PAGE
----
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Category: Shoe Care

Bulling Your Shoes

There are many ways to polish a shoe and no end of techniques, many very personal to the polisher. One technique that produces a very smart result is “Bulling”. This creates a high shine and is usually done on the toes. In the States it’s referred to as a Spit Shine but I think Mr. Stuart Robertson of Ede and Ravenscroft Edinburg presents the process in a much more civilized way.


Protecting the Investment

I think we would all agree that the purchase a quality pair of shoes is an "investment" in our feet as well as our wardrobe. And like any investment it needs protecting. Thankfully this is not a difficult task. Perhaps the single most important and easiest step we can take is to insert wooden shoetrees into the shoes when they’re removed.

Why? During the day our feet perspire, a natural fact. The trees draw the perspiration away from the leather lining and hold the shoes in place as they dry. If you have ever seen a pair of shoes that are cracked at the "break" there is a good chance it is due to "tree negligence". Left empty the leather contracts while drying. Once the shoes are worn again the leather must expand, over time, as this process repeats the leather begins to breakdown and crack.

It is also important that the trees fit the shoes properly. If the trees are too large the shoes will be stretched out of shape and if too small they will not maximize their intended purpose. We sell trees made by the manufacturers that are "last and size specific". These are the best trees for the shoes because the shoe is put back on its last to regain its shape. If you have your own trees try and find a shape and size that is closest to the last of the shoe. Using similar trees is better than not using trees at all.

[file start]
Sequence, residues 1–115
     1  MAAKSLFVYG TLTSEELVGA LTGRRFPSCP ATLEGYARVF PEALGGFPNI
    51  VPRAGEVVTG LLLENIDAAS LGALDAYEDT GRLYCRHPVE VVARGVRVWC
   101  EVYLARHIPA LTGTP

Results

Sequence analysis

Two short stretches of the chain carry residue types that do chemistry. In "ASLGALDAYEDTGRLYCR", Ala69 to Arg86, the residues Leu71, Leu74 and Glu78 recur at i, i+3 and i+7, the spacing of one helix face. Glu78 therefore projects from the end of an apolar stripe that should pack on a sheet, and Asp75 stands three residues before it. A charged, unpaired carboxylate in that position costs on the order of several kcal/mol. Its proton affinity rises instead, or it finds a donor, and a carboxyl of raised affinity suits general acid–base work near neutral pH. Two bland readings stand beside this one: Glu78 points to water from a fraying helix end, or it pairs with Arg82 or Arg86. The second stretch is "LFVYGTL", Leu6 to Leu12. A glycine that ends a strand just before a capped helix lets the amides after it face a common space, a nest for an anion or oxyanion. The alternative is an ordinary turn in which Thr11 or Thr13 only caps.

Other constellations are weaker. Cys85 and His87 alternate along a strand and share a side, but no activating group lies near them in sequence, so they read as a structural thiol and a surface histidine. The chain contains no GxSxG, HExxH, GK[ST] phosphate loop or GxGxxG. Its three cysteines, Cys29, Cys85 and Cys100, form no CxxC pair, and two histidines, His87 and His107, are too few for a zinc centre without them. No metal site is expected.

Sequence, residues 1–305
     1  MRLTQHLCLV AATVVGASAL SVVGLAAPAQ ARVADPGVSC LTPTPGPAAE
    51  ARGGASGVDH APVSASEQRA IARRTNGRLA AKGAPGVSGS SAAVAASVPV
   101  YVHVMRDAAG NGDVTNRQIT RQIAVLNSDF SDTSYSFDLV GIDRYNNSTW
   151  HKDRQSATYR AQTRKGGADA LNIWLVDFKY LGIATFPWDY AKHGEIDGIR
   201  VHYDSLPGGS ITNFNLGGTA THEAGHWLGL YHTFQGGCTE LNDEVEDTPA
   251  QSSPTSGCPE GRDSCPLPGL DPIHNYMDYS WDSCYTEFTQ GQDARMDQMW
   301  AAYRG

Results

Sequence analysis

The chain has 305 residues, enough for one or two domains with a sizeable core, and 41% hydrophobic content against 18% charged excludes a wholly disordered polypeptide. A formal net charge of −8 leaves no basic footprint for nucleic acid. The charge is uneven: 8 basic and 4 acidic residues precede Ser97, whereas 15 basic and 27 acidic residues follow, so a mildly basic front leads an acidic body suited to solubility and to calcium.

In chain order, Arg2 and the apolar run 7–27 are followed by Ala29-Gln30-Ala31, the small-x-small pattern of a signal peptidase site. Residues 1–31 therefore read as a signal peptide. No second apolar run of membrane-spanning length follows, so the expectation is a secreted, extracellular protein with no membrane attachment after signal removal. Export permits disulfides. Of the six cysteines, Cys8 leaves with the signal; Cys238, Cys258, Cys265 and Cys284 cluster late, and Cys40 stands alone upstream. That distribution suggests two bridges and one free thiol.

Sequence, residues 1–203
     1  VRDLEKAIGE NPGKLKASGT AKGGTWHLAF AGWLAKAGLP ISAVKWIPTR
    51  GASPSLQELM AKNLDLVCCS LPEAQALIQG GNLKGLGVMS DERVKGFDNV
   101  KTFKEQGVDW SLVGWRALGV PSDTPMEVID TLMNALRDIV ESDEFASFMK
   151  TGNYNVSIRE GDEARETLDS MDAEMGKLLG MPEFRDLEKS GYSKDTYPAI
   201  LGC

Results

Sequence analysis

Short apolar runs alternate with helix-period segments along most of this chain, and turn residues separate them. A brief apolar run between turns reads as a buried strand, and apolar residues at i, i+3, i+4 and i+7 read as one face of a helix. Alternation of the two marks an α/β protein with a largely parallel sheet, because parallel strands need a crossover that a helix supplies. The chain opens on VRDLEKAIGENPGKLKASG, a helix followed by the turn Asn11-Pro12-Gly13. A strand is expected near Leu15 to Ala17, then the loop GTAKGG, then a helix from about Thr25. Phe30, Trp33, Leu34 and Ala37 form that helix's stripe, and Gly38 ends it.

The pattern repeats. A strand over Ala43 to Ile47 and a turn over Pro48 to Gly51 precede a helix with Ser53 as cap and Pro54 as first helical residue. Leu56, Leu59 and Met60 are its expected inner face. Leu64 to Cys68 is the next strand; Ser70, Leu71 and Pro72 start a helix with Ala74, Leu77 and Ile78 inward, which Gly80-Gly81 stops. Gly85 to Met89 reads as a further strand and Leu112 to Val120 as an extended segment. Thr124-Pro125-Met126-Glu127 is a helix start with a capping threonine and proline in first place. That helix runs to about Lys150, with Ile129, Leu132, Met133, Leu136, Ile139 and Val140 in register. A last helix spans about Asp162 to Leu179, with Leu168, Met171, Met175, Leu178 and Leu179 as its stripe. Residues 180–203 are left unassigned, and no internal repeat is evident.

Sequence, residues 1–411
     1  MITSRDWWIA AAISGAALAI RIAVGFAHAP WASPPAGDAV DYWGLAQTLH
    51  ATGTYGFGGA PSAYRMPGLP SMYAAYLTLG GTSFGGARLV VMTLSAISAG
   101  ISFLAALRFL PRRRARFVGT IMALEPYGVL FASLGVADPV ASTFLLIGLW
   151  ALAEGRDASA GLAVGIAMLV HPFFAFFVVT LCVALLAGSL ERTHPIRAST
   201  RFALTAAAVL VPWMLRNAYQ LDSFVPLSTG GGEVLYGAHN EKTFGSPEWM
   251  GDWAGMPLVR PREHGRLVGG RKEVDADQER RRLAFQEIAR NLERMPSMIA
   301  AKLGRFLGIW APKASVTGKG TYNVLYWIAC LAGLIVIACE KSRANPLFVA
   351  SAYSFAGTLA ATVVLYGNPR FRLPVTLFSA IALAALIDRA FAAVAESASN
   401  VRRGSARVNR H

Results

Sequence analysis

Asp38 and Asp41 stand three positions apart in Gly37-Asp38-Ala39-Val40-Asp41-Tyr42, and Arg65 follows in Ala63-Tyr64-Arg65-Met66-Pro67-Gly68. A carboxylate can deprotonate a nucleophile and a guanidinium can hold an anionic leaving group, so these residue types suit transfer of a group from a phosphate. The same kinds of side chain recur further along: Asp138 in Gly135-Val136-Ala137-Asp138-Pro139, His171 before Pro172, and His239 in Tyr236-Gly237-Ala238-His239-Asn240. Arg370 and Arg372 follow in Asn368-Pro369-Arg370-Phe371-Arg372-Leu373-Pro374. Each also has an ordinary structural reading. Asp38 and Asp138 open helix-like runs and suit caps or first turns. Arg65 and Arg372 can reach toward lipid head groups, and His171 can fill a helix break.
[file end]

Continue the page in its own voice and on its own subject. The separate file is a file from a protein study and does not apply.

Aubercy

Church’s

Corthay


Edward Green

Gaziano & Girling

J.M. Weston

Oak Bark Leather Soles

We thought you might find this interesting. The Joh. Rendenbach Jr. Tannery has been producing oak bark sole leather since 1871.

So what is it exactly?
It’s leather tanned using the classical oak-bark method, obviously. A naturally pure tanning method taking place in old, three-meter deep oak lined pits. This method uses exclusively vegetable tanning agents in the form of barks and fruits. The process normally lasts between nine and twelve months, depending on the hide thickness. The leather is tanned without mechanical movement, without raising temperatures and without adding chemical catalysts.

Besides other advantages, this proves to be very lightweight due to the long tanning duration ensuring that the hide absorbs only the amount of tanning agent absolutely necessary. Oak-bark tanned leather possesses unique properties: it is extremely hard wearing, tough, as well as flexible, making a comfortable sole of outstanding solidity, standing out through its appealing surface and a warm woody color. Oak-bark tanned sole leather is also:

– Highly water-repellent
– Especially breathable
– Absorbs perspiration
– Deodorant and antiseptic
– Prevention against foot diseases
– Completely bio-degradable

Think about that next time you try on a pair of Edward Green’s or Gaziano & Girling’s.